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Colleagues in Copenhagen: Impressions of Werner Heisenberg


Colleagues in Copenhagen: Otto Frisch and James Franck
John Wheeler Scientist
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In Copenhagen, the first of the colleagues that I met, coming out of Germany to escape, was Otto Frisch. He was working in nuclear physics and he had an important part in getting the atomic bomb project started later on. Then, a little later, called James Franck, a wonderful man, a hero to everybody that knew him, I think. And he had been a hero in World War I. He had an Iron Cross. He had gone in no-man's land to bring back wounded. And, as I understand it, Hitler had said he could stay in Germany, Jewish though he was, because of his World War record, but he didn't want to stay. I remember in a long walk and talk he and I had one day, his telling me it would be fifty years before Germany would get over Hitler.

John Wheeler, one of the world's most influential physicists, is best known for coining the term 'black holes', for his seminal contributions to the theories of quantum gravity and nuclear fission, as well as for his mind-stretching theories and writings on time, space and gravity.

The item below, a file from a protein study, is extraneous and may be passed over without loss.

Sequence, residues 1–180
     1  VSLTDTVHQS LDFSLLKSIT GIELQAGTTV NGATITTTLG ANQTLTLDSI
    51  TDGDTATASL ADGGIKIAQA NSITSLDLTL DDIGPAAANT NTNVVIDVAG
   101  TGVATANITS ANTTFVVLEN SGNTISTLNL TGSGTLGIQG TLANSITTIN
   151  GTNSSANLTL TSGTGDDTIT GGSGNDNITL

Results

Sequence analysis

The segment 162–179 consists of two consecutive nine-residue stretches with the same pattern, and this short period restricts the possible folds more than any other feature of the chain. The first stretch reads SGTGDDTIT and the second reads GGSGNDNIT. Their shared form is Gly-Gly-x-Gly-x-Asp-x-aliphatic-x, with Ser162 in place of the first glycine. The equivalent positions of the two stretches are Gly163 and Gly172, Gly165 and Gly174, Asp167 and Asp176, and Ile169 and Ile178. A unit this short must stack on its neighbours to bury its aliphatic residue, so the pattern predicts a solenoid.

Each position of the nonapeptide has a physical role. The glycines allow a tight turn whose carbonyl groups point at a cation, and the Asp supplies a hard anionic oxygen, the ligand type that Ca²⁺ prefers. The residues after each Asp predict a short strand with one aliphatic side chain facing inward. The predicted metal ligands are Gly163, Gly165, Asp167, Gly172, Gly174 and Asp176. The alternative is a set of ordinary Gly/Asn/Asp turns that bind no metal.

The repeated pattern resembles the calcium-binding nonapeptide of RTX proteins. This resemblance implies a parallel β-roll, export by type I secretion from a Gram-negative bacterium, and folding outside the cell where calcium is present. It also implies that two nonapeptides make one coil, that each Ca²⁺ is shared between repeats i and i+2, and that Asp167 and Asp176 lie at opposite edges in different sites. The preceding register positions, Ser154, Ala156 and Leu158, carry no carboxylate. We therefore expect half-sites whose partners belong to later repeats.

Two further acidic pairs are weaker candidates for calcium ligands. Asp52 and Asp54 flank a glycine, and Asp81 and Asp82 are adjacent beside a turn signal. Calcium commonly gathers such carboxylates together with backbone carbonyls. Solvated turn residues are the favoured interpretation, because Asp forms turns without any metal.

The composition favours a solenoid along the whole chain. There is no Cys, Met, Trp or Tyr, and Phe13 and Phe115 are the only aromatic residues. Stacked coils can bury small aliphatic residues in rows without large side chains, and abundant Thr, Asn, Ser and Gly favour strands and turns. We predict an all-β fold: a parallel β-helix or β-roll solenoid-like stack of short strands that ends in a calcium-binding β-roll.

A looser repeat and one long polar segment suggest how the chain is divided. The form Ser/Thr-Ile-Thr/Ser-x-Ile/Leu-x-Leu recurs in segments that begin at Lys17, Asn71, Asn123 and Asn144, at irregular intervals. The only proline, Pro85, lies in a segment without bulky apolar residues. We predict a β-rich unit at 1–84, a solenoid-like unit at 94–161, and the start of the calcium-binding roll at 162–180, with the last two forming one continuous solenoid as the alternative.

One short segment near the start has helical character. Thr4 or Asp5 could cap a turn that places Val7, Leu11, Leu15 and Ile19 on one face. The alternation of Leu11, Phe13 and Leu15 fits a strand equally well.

Listeners: Ken Ford

Ken Ford took his Ph.D. at Princeton in 1953 and worked with Wheeler on a number of research projects, including research for the Hydrogen bomb. He was Professor of Physics at the University of California and Director of the American Institute of Physicists. He collaborated with John Wheeler in the writing of Wheeler's autobiography, 'Geons, Black Holes and Quantum Foam: A Life in Physics' (1998).

Duration: 1 minute, 25 seconds

Date story recorded: December 1996

Date story went live: 24 January 2008